Here’s how you EARN someone’s attention and respect

216714893_d680007834 I get a lot of PR pitches, will you review my book requests and can you tell people about our conference sort of e-mails.

I appreciate getting them because it helps me make this blog useful to you, the readers.  But, what I appreciate even more is when the person doing the pitch actually makes an effort to personalize the interaction which is in direct opposite to what happens most of the time – I get a generic e-mail (no doubt sent out to 100 of my closest blogging friends) and just filling in my name at the top.

This is NOT a post about how to pitch a blogger.  I think it’s about PR and building relationships, as opposed to the mass production mentality of just doing a mass mailing and wondering why no one picked up the story.

I’d like to tell you a little about two pitches that stood out and the results of those pitches.

John Rosen, author of Stopwatch Marketing

A few months before John’s book was released, he started reading and commenting here at the Marketing Minute.  He also engaged me in a genuine e-mail conversation about the work we both do, his familiarity with Des Moines and eventually his book.

By the time he asked me to review the book – we knew each other.  So when I got his book – I read it right away (my review here) and shared it with my readers within the week.  (Keep in mind, I get 2-5 books a week and am always struggling to keep up.  Normally, he’d have had to wait a month or so.)

Then, John really proved that he was a savvy marketer.  He didn’t need me anymore (in terms of his new book) but he continued to invest in the relationship.  We e-mail, comment on each other’s blogs and stay in touch to this day.  When we were looking for giveaways for Blogger’s Social – John was willing to donate copies of his book.  Having your book in the hands of 100+ smart and vocal marketers is a wise strategy.

John understands the power of relationships and investing your efforts before you ask for the favor.  Smart.

Bob Bloom, author of The Inside Advantage:  The strategy that unlocks the hidden growth in your business

Bob Bloom is the former U.S. CEO of advertising mega-giant Publicis Worldwide.  Suffice it to say, I had heard of Bob’s work.  Pretty sure he had not heard of mine.  I received a pitch to review his book and it came from Bob’s publicist.  As you might expect, the publicist followed none of John Rosen’s techniques, so the book got tossed into the pile and I reviewed it about 2 months after receiving it. (My review here)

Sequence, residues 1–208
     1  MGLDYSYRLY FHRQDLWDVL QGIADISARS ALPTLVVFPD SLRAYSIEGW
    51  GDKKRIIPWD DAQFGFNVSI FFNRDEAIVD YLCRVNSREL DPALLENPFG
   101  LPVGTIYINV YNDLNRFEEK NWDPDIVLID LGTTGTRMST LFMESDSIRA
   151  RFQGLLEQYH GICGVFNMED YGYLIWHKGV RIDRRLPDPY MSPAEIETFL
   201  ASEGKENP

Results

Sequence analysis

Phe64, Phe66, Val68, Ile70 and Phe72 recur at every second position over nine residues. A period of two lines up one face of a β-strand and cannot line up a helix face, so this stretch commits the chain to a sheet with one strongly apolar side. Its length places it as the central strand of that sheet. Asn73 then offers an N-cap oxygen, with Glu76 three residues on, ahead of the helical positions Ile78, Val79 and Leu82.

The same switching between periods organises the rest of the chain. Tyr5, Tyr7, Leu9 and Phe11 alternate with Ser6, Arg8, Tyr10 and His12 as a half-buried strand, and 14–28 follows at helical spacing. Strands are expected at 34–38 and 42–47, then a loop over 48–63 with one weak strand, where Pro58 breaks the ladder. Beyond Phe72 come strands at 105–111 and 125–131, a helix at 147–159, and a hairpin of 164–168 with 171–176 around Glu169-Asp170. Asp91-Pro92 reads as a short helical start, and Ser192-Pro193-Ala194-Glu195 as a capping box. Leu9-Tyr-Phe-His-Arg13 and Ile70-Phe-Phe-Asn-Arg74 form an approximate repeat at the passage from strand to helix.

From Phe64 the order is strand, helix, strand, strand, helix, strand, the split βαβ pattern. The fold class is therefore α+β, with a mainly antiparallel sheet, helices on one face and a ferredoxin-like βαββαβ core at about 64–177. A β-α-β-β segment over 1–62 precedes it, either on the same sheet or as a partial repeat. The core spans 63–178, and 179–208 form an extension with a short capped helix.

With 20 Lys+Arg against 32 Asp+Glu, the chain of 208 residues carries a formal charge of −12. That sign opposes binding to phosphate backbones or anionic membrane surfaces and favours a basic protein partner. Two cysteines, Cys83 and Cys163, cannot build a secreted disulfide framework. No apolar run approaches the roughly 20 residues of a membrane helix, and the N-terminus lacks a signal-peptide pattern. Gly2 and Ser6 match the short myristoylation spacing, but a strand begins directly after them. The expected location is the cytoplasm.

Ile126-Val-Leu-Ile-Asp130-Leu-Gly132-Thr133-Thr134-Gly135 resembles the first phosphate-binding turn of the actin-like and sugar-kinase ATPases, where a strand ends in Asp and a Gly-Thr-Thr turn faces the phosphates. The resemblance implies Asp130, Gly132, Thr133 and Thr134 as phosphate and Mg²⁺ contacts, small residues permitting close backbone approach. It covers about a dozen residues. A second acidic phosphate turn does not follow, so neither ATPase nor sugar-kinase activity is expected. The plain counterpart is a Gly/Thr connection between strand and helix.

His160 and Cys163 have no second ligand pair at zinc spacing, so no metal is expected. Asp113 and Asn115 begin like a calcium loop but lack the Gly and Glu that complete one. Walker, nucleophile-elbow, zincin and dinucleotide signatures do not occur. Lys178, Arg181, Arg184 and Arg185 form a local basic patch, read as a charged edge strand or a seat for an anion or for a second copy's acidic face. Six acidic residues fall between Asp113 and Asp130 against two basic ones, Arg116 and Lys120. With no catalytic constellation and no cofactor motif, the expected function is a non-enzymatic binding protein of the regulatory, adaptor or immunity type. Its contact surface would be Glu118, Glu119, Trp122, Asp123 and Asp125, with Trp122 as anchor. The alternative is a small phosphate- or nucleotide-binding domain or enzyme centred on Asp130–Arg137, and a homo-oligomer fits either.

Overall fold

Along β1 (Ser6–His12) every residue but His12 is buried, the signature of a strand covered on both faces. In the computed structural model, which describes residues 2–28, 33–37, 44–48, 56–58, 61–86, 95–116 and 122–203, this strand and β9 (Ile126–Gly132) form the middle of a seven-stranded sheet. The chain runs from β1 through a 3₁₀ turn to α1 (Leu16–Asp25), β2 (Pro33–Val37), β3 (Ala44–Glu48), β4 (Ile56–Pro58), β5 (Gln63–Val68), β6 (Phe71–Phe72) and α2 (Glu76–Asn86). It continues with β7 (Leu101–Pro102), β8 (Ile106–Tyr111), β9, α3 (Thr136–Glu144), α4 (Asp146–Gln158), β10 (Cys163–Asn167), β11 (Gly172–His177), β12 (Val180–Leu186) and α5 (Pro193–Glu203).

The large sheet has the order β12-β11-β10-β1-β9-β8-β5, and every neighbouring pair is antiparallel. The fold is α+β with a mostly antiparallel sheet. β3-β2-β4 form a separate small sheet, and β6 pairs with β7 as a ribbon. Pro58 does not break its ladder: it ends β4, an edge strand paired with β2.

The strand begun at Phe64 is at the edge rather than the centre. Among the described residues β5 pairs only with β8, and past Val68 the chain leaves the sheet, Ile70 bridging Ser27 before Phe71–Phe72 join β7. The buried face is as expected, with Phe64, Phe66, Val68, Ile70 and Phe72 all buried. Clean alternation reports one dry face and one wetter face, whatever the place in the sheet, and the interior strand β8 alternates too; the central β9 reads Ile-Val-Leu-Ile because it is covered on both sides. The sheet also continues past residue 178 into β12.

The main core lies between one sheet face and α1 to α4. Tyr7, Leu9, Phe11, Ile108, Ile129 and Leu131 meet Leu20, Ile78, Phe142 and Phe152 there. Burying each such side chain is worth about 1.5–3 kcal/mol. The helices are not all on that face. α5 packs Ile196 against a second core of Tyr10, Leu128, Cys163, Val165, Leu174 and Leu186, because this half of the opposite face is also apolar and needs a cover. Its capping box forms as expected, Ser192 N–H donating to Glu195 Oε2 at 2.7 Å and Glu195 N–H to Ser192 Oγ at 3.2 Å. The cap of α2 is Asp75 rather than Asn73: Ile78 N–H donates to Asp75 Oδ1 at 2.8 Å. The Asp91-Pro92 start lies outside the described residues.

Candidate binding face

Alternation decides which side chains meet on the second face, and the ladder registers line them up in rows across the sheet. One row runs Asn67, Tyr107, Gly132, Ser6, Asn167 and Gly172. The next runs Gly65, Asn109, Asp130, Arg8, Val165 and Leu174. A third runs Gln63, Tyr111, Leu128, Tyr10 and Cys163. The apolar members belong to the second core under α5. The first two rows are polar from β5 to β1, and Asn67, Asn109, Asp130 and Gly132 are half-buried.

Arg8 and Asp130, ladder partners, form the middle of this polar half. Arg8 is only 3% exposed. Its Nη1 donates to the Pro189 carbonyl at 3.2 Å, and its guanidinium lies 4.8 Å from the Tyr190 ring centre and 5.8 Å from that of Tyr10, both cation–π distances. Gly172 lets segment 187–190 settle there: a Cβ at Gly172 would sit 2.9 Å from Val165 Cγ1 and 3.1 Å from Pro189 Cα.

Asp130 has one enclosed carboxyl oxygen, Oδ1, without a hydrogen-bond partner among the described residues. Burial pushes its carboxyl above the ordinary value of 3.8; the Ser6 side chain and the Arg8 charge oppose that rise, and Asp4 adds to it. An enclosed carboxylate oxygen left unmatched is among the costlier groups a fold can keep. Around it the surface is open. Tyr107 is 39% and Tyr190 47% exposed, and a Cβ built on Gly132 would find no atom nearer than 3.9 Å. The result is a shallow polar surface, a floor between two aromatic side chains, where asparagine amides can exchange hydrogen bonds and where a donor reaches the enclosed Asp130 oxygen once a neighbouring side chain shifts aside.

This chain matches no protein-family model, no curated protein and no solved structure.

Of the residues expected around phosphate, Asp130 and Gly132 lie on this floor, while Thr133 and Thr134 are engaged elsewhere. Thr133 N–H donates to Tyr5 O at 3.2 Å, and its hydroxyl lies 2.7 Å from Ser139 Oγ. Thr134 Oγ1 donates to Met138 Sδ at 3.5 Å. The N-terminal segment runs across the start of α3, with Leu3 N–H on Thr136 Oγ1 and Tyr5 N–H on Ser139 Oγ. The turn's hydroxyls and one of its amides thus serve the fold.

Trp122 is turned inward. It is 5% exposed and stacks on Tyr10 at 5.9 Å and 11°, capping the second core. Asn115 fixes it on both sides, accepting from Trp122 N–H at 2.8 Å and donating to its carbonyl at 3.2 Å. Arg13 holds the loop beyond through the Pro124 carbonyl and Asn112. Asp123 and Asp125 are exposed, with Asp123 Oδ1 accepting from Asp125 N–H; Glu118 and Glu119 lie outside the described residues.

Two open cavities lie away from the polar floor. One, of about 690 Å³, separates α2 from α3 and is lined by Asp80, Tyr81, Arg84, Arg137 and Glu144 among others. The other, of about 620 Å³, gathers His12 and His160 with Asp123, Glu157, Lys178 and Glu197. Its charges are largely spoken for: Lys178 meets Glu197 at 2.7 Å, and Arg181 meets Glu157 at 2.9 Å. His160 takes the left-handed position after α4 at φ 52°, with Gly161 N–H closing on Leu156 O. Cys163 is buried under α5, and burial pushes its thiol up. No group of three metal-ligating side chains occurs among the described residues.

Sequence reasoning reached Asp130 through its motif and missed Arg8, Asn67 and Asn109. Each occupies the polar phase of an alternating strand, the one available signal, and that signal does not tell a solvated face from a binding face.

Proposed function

I thought it was an excellent and insightful book and said so.  Bob is not just a marketing guy, he gets business. A valuable and rare combination, in my eyes.

Fast forward about a month after I posted the review.  My desk phone rings and I pick it up.  Who is on the line – but Bob Bloom.  He called so that we could get to know each other a little bit and to thank me for the review.   We ended up talking for about 15-20 minutes and much like my contact with John Rosen – it was genuine.  We talked about clients and he told me about his new effort – working one on one with business owners

Bob went out of his way to listen, comment thoughtfully and I completely forgot what a big deal he was…which just goes to prove what a big deal he truly is.

Two different approaches but some common threads:

  • There’s no substitute for you.
  • There’s no substitute for human interaction.
  • There’s no substitute for being genuine.
  • There’s no substitute for making the effort to connect and start a relationship.

As we continue to slog through the economic downturn – these truths don’t cost much but can yield long-term gains. How can you bring these truths to life in your dealings with customers, prospects and the media?

flickr photo courtesy of soooosh

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7 comments on “Here’s how you EARN someone’s attention and respect

  1. The company blog I’m responsible for is still fairly low in traffic and conversation, even so -I still get a couple pitches a month. “Dear [put the blogger name here],” is still one of my favorite pitch emails ever.

    I really like the approach you’ve explained here. A lot of the other blogs I’ve read on this subject often read like a dire laundry list of “How to approach me” and it makes me quake in my boots at the first wrong turn I make contacting them.